Too Many Not Ready for IPv6, Lab Warns
IT product manufacturers and enterprises that have not prepared for the IPv6 transition may be in for a few unpleasant surprises, says an official for an independent testing laboratory that is offering IPv6 certification testing.
At least half of the vendors that sell IT equipment to the government aren't prepared for a July 1, 2010 deadline which requires them to show IPv6 compliance to obtain any new contracts, says Guy Snyder, secure communications program manager for the ICSA Labs , an independent division of Verizon Enterprise Solutions that offers vendor-neutral testing and certification of security products.
Snyder believes IPv6 compliance is even less of a priority for enterprises that have stopped listening to warnings from service providers and others that exhaustion of IPv4 addresses is expected as early as 2011. That could be both a problem and an opportunity for telecom service providers, which are likely to be a first line of defense if businesses are forced to scramble to comply.
Telecom service providers are stepping up to this challenge with assessments and other managed service offerings. (See Is IPv6 Finally on the Verge?)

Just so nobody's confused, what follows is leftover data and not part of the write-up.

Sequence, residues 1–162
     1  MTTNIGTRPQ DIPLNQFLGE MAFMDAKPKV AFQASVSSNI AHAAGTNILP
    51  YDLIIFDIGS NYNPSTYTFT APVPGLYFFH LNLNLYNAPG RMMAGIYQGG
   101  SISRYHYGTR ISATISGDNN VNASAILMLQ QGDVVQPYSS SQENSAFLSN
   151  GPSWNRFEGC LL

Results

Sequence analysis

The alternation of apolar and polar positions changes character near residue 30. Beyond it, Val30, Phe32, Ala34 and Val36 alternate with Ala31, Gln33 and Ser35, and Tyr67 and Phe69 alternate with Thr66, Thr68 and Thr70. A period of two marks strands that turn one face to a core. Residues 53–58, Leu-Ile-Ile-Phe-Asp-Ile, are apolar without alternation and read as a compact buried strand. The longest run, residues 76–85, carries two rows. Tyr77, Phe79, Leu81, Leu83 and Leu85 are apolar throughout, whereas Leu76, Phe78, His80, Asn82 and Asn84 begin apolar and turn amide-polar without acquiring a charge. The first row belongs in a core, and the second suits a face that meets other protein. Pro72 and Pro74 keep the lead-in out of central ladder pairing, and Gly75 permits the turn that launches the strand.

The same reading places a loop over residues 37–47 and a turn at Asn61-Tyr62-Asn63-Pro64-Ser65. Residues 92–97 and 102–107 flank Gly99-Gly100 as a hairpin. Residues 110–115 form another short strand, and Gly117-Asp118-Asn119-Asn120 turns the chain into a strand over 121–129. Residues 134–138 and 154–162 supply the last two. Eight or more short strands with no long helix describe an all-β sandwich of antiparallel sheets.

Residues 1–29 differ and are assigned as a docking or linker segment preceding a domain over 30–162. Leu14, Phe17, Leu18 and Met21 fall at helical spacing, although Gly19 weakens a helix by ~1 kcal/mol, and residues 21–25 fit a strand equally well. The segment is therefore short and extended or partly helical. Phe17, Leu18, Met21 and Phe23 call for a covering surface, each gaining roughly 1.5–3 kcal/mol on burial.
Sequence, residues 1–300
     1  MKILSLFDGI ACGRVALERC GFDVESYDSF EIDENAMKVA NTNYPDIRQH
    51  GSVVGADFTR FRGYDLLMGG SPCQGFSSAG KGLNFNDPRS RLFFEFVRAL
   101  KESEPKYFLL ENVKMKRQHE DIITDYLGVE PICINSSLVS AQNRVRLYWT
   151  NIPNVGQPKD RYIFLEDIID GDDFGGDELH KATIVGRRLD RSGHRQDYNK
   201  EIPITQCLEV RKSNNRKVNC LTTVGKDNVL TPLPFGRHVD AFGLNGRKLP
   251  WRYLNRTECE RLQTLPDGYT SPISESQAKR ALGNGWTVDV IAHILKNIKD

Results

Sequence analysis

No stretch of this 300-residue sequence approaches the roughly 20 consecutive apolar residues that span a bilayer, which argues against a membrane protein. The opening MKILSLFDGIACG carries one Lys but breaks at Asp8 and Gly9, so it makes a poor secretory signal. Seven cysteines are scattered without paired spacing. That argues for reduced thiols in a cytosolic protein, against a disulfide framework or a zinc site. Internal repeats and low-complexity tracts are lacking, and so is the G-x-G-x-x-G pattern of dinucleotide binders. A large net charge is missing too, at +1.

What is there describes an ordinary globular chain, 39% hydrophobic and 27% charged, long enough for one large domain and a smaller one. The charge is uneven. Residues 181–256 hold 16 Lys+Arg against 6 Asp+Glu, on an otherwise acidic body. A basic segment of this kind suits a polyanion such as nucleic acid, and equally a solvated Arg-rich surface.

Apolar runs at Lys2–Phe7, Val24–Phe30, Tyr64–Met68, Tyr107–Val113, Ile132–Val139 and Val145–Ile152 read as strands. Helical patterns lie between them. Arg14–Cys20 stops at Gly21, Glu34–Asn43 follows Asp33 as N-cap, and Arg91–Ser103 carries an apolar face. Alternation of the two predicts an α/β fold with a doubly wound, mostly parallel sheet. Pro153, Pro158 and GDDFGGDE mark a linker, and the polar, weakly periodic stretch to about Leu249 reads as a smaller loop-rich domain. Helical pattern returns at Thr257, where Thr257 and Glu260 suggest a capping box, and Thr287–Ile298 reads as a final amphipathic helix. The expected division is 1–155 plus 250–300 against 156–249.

ICSA Labs is advising hardware and software vendors that sell to government agencies to make sure their equipment is tested for IPv6 compliance, and not assume they are ready.
"There have been products out that have been IPv6-ready or have been working with IPv6 for a while," Snyder says. "But a lot of vendors haven't modified their product to work against the IPv6 profile that NIST [the National Institute of Standards and Technology (NIST) ] wrote." That profile requires compliance with all of the Internet Engineering Task Force (IETF) standards for IPv6, which includes about 150 Requests for Comments (RFCs) that are "musts," Snyder says. Failure to comply with each and every one of those RFCs will prevent a product from being IPv6 approved by NIST.
Vendors may also be unaware of the full range of equipment covered, Snyder adds. In addition to obvious networking gear such as routers and switches, the NIST requirement also impacts printers and fax machines, and anything that might be connected to a network.
Snyder says he sees very few private enterprises getting ready for the IPv6 transition.
"I don't think they are going to get ready for it," he says. "This isn't like Y2K; they aren't preparing, even though D-day is coming and many predict we are going to run out of addresses in 2011. A lot of bad things are going to happen before they start getting ready."
— Carol Wilson, Chief Editor, Events, Light Reading